Local senators introduce bills to address power shutoffs, wildfire response

Sacramento, State Capitol Building

State Sens. Scott Wilk, R-Santa Clarita, and Henry Stern, D-Calabasas, announced separate bills this week that each helped co-author to address the recent power shutoffs and growing wildfire risks.

Wilk announces trio of bills

Wilk announced Friday three bills he co-authored with Sens. Steve Glazer, D-Orinda, and Mike McGuire, D-Healdsburg, to address public safety power shutoffs: 

  • Senate Bill 801 would require utilities to deploy backup electrical resources or offer financial assistance for backup resources to medically vulnerable customers.
  • SB 802 clarifies state laws and regulations so that hospitals can run backup diesel generators for the duration of a planned utility power shutoff even if the governor has not declared a disaster or state of emergency.
  • SB 431 would require mobile phone companies to provide at least 72 hours of backup power on their towers located in high-risk fire areas.

“Until utilities can ensure their power lines are safe during high-wind situations, these bipartisan measures will address some of the challenges Californians face during a PSPS,” said Wilk in a statement. “Citizens throughout the 21st Senate District were left without water, electricity, the ability to call for help in an emergency and the use of life-saving medical devices during the power outages last fall — a totally unacceptable and dangerous situation.”

Stern’s bills gain momentum

The senator, whose district covers a portion of the Santa Clarita Valley, announced Thursday three of his bills that passed their first committee votes:

  • SB 596 would require that all applicants for in-home support service, which pays for services for low-income seniors, receive information that they may be eligible to receive a specified higher energy allowance and advance notification provided by a public utility in an emergency, such as during power shutoffs.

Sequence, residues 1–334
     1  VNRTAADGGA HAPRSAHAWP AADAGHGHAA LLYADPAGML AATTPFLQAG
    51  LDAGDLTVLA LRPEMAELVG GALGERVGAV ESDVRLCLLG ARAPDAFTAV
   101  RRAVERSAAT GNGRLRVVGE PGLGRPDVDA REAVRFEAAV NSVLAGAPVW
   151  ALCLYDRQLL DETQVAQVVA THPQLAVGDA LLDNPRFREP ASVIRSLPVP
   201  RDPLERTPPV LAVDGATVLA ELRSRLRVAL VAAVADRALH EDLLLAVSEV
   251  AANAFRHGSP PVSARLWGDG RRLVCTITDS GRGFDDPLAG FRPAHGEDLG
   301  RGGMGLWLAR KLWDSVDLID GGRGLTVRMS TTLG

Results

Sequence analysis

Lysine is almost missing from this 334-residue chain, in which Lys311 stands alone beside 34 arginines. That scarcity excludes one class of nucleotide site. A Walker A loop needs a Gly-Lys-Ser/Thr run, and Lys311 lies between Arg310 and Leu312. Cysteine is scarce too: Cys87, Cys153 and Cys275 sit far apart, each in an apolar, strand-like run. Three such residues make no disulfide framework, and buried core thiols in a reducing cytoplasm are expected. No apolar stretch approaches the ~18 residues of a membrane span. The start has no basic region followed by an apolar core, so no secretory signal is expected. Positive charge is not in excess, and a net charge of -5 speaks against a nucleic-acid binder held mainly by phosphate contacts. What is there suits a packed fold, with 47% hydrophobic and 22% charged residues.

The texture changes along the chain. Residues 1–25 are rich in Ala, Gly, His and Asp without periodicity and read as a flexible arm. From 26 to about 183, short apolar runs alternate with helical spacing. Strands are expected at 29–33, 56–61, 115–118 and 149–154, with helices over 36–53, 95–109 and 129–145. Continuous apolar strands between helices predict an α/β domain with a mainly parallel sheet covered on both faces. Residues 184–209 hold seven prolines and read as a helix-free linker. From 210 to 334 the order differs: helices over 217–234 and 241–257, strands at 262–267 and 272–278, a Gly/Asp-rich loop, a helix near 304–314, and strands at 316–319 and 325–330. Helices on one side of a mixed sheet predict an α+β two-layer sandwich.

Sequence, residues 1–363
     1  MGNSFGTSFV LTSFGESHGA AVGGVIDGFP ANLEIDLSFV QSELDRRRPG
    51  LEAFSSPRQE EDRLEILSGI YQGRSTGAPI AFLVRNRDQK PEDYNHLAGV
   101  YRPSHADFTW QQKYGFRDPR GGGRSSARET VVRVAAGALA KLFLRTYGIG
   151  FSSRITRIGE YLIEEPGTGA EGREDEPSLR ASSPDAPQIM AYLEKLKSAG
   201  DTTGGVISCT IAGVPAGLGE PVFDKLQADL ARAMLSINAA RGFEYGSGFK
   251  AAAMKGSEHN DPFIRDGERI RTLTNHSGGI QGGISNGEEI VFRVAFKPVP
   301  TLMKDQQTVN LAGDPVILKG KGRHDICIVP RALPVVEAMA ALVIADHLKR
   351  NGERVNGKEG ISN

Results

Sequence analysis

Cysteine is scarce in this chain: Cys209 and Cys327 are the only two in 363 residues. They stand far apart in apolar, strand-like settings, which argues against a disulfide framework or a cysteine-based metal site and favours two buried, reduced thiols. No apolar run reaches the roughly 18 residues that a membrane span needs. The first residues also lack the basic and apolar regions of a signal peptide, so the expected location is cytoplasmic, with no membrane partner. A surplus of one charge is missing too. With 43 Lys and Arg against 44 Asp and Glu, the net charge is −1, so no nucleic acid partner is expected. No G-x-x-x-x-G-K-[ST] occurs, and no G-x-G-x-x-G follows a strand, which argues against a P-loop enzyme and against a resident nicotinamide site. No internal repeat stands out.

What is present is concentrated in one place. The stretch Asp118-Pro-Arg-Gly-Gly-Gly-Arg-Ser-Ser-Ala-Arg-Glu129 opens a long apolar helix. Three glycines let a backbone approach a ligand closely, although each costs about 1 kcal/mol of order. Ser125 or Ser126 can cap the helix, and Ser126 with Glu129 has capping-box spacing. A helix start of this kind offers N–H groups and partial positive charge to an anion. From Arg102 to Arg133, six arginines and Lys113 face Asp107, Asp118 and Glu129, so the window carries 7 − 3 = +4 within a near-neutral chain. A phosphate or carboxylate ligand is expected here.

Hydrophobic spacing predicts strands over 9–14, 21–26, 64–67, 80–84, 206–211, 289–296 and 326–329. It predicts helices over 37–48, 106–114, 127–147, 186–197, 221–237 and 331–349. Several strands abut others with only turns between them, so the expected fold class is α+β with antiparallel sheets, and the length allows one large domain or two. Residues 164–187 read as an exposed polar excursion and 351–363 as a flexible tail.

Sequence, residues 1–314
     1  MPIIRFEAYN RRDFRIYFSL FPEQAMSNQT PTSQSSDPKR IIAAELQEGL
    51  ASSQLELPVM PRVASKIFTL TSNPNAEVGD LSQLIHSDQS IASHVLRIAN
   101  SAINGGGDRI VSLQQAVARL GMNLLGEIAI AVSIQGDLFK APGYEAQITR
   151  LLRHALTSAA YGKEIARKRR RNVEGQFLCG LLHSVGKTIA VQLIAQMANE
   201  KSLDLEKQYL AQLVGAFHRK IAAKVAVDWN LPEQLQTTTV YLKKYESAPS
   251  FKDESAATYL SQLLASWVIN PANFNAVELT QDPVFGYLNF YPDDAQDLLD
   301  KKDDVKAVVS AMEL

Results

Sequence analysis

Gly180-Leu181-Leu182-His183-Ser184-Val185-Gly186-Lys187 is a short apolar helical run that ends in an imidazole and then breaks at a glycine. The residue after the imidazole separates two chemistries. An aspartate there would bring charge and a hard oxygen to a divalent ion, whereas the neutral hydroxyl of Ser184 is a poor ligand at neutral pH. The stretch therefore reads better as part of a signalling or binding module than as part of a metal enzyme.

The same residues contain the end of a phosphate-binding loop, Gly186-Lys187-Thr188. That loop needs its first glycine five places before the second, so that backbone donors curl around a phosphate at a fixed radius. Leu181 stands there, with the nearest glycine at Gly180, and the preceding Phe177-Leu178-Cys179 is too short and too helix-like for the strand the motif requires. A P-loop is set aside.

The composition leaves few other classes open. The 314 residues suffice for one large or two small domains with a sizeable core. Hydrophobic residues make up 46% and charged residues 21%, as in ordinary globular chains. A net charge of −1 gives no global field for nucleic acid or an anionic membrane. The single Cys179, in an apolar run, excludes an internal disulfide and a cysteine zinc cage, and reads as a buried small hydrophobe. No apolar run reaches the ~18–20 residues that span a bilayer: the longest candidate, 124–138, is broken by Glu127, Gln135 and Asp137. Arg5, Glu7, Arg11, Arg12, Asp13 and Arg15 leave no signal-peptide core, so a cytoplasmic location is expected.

• SB 739 would require Cal Fire, the state firefighting agency, to develop a training program for individuals to learn how to practice defensible space and home hardening assessment. The program would “empower communities to protect themselves by preparing volunteers,” while Cal Fire focuses “its time and resources in more complex and time-consuming regulatory inspections,” his office said in a statement. 
  • SB 753 would authorize county officials to disclose telephone numbers and email addresses of those most vulnerable, such as seniors or individuals with disabilities, to emergency services personnel in the event of an emergency and where evacuations are needed. 

“As we move out of fire season and into the legislative session, we cannot lose focus on the dual disasters of power shutoffs and wildfires that will again threaten our families in 2020 without urgent action,” said Stern in a statement. “We must think big, and make small, but critically important changes at the same time.

“That’s why I’m pushing legislation to harden our homes, enroll our most vulnerable in programs that update them on possible power shutoffs and ensure that our public agencies and first responders are communicating effectively during these emergencies.”

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